The coolest thing about this version is that the PHB came with a CD containing a character generator. I could care less about the character generator since those things never make allowances for house rules. However, as a bonus, they included a simple mapping program. It turned out to be pretty cool. Liking it, I went to the website and bought the full version. Then the windows version came out and I got that. Now, years later, that same company is still around and just released their newest version … Campaign Cartographer 3.0! That’s right. That little freebie mapping program was the predecessor to the best fantasy mapping software on the market.

Dungeons & Dragons Version 3.5 (2003)

When 3.5 came out, I wasn’t interested in yet another version. Later I took a break from D&D so I never got around to looking at it. When I returned, 4th edition had been out for some time so I started buying 4e books and still haven’t taken a serious look at 3.5 yet.

The consensus is though that 3.5 is far and away better than 3.0 and the majority of those not switching to 4e have settled in on 3.5.

Note that v3.5 is available, in its entirety, for free on the Wizards of the Coast website. There is also a website called the HyperLink d20 SRDthat has all of the information online, searchable and hyperlinked.

Dungeon & Dragons – 4th Edition (2008)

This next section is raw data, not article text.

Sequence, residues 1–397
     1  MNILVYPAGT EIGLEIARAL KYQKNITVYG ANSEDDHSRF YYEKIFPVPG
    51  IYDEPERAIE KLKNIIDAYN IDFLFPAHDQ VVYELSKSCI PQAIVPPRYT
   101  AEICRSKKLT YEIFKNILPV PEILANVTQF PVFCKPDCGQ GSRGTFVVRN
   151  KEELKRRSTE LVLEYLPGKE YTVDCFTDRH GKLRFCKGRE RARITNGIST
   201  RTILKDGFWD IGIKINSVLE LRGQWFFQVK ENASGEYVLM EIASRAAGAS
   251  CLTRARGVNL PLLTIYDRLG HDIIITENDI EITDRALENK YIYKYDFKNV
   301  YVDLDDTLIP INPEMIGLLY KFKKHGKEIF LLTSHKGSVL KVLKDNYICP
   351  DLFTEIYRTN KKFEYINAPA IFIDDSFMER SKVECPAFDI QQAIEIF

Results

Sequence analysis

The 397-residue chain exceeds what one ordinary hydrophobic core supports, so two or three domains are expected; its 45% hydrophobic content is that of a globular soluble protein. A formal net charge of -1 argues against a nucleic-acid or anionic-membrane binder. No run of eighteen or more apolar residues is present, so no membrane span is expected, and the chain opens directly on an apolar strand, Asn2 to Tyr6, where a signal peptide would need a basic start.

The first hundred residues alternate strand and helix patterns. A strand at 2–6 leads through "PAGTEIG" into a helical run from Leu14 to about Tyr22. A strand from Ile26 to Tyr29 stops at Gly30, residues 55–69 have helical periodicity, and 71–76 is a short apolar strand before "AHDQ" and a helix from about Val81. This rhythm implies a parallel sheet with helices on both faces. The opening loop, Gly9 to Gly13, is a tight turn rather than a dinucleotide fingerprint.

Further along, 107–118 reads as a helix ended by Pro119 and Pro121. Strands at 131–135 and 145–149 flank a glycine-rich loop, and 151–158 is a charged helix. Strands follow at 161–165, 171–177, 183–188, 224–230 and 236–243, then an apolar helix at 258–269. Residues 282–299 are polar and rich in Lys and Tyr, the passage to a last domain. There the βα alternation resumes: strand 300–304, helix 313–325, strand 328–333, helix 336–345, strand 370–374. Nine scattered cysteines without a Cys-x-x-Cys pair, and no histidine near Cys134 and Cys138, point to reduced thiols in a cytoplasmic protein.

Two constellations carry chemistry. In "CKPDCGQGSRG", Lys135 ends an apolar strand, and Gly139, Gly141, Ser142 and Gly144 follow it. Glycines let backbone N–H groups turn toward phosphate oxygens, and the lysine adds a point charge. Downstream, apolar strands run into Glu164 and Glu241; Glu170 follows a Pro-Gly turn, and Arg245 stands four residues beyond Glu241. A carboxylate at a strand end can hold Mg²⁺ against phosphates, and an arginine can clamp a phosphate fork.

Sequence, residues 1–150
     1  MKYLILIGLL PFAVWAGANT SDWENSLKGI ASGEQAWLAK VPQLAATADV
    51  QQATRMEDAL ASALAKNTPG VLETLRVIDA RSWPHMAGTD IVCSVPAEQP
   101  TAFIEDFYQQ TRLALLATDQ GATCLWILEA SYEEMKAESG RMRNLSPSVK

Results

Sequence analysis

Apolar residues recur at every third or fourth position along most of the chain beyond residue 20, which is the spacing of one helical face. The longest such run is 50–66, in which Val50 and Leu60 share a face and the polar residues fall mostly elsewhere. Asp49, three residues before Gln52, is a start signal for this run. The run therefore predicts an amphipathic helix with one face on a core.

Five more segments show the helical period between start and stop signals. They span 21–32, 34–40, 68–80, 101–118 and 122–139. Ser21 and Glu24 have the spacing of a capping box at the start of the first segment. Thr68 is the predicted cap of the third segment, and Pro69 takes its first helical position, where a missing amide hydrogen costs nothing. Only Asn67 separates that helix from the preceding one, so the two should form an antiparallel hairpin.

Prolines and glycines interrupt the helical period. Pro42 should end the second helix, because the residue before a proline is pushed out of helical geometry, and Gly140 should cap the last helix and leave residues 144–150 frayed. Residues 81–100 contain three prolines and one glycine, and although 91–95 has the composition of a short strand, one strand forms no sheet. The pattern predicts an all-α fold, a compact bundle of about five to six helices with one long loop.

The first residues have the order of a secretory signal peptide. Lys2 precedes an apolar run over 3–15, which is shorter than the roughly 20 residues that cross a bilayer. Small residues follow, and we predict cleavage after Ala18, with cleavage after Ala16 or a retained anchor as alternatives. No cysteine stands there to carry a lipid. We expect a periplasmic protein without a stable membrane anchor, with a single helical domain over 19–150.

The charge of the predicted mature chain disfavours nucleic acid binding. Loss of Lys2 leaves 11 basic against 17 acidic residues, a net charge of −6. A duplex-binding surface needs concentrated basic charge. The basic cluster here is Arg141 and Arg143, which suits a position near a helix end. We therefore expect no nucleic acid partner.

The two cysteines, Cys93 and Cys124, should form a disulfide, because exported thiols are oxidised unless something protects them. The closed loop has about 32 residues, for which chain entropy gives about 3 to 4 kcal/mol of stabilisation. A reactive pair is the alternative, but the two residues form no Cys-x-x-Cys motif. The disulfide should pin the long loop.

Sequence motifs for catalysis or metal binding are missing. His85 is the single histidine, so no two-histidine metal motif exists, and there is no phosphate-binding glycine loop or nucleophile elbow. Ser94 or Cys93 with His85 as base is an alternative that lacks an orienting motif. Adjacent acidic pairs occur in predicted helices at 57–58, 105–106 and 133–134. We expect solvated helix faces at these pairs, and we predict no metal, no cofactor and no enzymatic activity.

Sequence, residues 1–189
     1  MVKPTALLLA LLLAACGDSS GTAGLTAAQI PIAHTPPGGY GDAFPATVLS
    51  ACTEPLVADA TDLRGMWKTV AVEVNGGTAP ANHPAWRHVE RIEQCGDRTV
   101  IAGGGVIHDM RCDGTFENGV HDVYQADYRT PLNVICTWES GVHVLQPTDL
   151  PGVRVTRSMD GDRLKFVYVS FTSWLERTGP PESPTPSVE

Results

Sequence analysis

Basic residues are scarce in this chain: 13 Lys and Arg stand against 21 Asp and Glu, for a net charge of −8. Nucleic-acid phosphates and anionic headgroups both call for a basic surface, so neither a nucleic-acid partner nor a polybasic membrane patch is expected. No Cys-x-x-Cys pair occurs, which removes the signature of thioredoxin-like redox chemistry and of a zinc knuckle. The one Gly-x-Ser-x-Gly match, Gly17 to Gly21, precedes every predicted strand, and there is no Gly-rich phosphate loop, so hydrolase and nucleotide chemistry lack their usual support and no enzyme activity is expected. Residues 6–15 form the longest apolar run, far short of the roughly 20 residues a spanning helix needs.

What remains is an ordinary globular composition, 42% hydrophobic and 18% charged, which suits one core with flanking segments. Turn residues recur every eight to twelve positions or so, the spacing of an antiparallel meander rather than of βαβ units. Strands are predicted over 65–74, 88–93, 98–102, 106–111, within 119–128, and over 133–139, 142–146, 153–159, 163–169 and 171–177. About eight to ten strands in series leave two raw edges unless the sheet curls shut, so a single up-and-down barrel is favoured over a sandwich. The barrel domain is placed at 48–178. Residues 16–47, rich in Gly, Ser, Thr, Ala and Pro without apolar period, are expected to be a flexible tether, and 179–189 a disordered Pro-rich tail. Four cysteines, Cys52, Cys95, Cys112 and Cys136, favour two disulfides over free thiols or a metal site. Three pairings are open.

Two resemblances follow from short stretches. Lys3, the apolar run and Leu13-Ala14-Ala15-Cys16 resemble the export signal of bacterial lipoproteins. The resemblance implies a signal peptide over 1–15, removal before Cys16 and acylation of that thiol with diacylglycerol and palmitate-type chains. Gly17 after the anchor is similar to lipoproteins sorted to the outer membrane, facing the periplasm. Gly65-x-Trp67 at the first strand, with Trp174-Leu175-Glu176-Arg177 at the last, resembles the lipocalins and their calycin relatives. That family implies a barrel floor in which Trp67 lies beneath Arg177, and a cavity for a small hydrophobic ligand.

Wizards of the Coast is now owned by Hasbro. Who ever thought that a mainstream company like Hasbro would own a “devil worship” game like D&D? :)

Abilities remain the same. I think that is the only thing in 4th edition you can say that about. :)

Races include: Dragonborn, Dwarf, Eladrin, Elf, Half-Elf, Halfling, Human, and Tiefling.

Classes include: Cleric, Fighter, Paladin, Ranger, Rogue, Warlock, Warlord, and Wizard.

Additional books added numerous races and classes.

Skills were completed redesigned.

Feats were completely redesigned.

Spells, as we knew them, were removed.

Powers were added and, in part, replaced spells. Power were available for all classes, with each class having their own, unique set. They represented combat styles for fighters, spells for spell-casters, thief-like abilities for rogues, etc. Some powers were usable only once per day while others could be used every round.

Ritual magic was introduced.

Combat was redefined.

Magic-Items were redefined.

Everything about how we view the game was changed.

That’s not to say that it is bad, there was just a LOT of change.

There is one thing that they forgot to change though… the artwork still stinks.

Pathfinder

Pathfinder probably belongs evolutionarily between version 3.5 and 4e. But chronologically, it came after 4e so that’s where I’ve put it.